Glasgow, Scotland:Italian soccer has gone from tears to cheers in just one week.
Fresh outbreaks of hooliganism had plunged the country into turmoil after a fan was shot dead by a police officer last weekend. But the Azzurri restored pride to Italy's tarnished image by performing on the pitch.
And all it took was 1 minute, 8 seconds on a rain-swept pitch in Glasgow, Scotland.
Luca Toni scored the first goal and then provided the late winner as the world champions booked their place at next year's European Championship with a 2-1 victory over Scotland.
"I'm overjoyed," Italy coach Roberto Donadoni said. "But the biggest result of all is the relationship I have with those players who went out there, and they battled away for me and for the Italian nation."
Attached to every player's white jersey was a black armband in memory of the 26-year-old Lazio fan who was killed by a police officer.
"It is our duty to dedicate the victory to Gabriele Sandri," Toni said.
Donadoni believes the domestic game should pay heed to the Tartan Army's conduct, remaining magnanimous as Scotland's hopes of qualifying to Euro 2008 faded away.
"The Scottish fans showed how to behave and get behind a team in a stadium," Donadoni said. "Their correctness on and off the pitch has given us all something we can learn from."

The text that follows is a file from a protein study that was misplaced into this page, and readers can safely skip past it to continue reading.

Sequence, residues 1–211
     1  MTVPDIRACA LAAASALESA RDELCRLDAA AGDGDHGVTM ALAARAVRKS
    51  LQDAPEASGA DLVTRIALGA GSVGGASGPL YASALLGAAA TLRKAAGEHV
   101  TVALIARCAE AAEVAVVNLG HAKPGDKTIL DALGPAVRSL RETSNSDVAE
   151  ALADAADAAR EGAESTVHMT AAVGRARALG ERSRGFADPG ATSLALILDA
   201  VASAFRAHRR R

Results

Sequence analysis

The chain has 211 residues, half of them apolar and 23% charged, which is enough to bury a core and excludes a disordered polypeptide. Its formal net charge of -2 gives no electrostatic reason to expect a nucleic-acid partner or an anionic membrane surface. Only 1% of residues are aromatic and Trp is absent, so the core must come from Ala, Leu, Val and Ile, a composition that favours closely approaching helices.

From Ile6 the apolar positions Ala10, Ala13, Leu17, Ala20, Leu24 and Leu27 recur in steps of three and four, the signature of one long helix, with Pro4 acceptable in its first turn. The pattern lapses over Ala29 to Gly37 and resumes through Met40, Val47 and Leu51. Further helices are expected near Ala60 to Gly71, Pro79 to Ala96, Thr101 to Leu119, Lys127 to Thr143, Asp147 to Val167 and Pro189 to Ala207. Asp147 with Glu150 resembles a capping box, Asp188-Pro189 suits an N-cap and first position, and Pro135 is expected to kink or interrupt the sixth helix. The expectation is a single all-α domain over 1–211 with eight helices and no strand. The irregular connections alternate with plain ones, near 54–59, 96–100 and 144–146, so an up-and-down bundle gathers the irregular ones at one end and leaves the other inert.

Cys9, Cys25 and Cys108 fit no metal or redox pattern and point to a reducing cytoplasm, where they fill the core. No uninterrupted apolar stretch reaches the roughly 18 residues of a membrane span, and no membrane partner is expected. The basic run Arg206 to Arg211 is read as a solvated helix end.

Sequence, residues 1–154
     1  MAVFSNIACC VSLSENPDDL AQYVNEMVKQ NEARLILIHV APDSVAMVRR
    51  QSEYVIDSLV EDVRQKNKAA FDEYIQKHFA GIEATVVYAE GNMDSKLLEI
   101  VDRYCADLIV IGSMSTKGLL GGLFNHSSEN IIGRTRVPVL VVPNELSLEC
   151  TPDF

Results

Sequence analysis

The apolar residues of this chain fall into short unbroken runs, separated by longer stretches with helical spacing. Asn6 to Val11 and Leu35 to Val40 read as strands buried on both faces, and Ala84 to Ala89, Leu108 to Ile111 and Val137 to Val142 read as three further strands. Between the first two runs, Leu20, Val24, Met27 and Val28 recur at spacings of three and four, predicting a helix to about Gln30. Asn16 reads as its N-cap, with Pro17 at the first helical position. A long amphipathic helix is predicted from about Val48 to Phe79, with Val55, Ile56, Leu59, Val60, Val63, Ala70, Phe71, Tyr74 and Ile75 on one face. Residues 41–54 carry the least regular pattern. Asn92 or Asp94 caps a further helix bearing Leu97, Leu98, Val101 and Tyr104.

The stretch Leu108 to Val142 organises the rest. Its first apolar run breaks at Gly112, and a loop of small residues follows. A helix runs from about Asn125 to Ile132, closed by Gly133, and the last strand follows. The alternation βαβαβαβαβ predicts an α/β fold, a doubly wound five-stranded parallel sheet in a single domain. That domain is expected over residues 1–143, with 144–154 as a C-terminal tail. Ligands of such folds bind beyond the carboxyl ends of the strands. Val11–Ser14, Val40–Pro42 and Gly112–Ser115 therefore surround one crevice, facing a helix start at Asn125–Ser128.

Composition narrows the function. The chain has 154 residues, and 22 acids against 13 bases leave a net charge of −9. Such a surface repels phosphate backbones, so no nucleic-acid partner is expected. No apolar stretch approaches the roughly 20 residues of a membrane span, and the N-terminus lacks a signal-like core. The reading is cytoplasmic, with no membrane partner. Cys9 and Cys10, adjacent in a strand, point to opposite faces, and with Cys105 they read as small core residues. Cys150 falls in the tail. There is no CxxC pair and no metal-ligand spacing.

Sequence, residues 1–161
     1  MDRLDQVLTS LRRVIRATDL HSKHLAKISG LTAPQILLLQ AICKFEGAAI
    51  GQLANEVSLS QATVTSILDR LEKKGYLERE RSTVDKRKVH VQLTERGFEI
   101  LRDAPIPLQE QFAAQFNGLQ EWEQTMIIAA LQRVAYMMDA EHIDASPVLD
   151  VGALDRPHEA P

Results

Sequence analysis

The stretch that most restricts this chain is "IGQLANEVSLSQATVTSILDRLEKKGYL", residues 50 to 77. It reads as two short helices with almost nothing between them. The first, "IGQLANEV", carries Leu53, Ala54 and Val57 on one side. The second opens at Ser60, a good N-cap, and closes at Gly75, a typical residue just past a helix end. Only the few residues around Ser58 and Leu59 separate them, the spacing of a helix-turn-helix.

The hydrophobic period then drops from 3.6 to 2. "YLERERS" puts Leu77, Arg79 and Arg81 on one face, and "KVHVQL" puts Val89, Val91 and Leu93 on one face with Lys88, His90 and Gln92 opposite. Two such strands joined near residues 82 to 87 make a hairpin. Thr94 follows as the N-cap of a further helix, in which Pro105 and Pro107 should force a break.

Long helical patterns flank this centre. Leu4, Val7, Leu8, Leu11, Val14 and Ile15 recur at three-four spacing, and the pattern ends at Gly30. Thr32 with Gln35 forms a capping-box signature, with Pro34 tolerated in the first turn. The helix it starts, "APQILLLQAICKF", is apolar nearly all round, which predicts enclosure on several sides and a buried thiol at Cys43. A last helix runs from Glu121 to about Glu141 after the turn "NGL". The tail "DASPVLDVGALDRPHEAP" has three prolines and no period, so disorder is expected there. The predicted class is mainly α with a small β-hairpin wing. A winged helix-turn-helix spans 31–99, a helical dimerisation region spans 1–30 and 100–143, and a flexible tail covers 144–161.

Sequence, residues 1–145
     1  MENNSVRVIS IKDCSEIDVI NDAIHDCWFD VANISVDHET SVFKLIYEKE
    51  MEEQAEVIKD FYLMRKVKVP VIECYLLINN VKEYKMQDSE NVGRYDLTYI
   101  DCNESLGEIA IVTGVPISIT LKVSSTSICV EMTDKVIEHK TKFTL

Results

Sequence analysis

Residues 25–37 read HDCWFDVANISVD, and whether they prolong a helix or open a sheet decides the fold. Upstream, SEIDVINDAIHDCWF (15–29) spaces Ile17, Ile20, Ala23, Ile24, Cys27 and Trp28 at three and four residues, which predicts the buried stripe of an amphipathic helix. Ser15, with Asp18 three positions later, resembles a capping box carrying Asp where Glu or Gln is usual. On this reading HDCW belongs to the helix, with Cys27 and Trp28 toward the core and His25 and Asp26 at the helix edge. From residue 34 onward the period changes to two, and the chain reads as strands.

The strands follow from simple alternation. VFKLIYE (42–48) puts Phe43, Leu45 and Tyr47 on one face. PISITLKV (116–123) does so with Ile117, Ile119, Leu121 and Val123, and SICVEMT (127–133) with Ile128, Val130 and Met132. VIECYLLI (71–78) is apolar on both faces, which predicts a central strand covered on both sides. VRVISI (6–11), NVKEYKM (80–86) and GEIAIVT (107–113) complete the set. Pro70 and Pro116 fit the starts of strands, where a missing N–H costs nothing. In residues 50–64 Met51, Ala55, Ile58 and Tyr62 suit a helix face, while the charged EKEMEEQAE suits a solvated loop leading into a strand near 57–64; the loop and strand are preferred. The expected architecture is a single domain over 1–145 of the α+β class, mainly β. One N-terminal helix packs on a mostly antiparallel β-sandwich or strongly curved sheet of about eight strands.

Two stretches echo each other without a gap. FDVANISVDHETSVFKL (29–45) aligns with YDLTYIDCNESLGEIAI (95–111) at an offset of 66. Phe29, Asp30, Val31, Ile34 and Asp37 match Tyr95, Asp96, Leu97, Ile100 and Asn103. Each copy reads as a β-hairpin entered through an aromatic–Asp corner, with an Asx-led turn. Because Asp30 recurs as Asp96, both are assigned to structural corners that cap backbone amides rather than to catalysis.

Despite the players proving themselves impervious to the earsplitting Hampden crowd, Italy's early advantage was canceled out by Scotland captain Barry Ferguson in the 65th minute. That led to Donadoni hauling off Antonio Di Natale in favor of Vincenzo Iaquinta.
"When a team equalizes you expect them to push forward and some fear does creep into your play," Donadoni said. "But it's important not to give up and that's why I made the change, putting Iaquinta onto the right because I felt we were weak on that side."
If the score had remained level, Italy's qualification would have been delayed until Wednesday, when it is expected to sweep aside the Faeroe Islands, which is without a point in Group B.
But Christian Panucci headed Toni's cross into the net in the 90th to end Scotland's perfect record at home in qualifying.
"We knew that we had to play a physical match, and given the conditions even more so," Donadoni said. "To say that they were marvelous is understating it."
After avoiding the fate of the 1982 world champions, which failed to make Euro '84, Donadoni can now build for the future with the players that raised the 2006 World Cup.
"This team can go head-to-head with any team and has nothing it need be afraid of," Donadoni said. "I'm learning from every game and from this group of players.
"I'm not going to get philosophical about it because I don't have the words to do so, but I just wish everyone could feel what I felt in the dressing room after that game,"
Captain Fabio Cannavaro, who returned from suspension, has now set his sights on the final tournament in Austria and Switzerland.
"This is a close-knit team," Cannavaro said. "When it knows it has to win, it goes onto the field as world champions."